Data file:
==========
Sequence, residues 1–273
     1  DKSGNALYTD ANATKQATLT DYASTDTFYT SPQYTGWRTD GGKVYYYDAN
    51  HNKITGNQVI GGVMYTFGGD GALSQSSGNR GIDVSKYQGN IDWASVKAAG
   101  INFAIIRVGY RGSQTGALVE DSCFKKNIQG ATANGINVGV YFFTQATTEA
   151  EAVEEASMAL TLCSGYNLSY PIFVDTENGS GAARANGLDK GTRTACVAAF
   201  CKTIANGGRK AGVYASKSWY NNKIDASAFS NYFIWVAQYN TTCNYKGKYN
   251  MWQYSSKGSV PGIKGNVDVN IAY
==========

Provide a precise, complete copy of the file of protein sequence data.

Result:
Sequence, residues 1–273
     1  DKSGNALYTD ANATKQATLT DYASTDTFYT SPQYTGWRTD GGKVYYYDAN
    51  HNKITGNQVI GGVMYTFGGD GALSQSSGNR GIDVSKYQGN IDWASVKAAG
   101  INFAIIRVGY RGSQTGALVE DSCFKKNIQG ATANGINVGV YFFTQATTEA
   151  EAVEEASMAL TLCSGYNLSY PIFVDTENGS GAARANGLDK GTRTACVAAF
   201  CKTIANGGRK AGVYASKSWY NNKIDASAFS NYFIWVAQYN TTCNYKGKYN
   251  MWQYSSKGSV PGIKGNVDVN IAY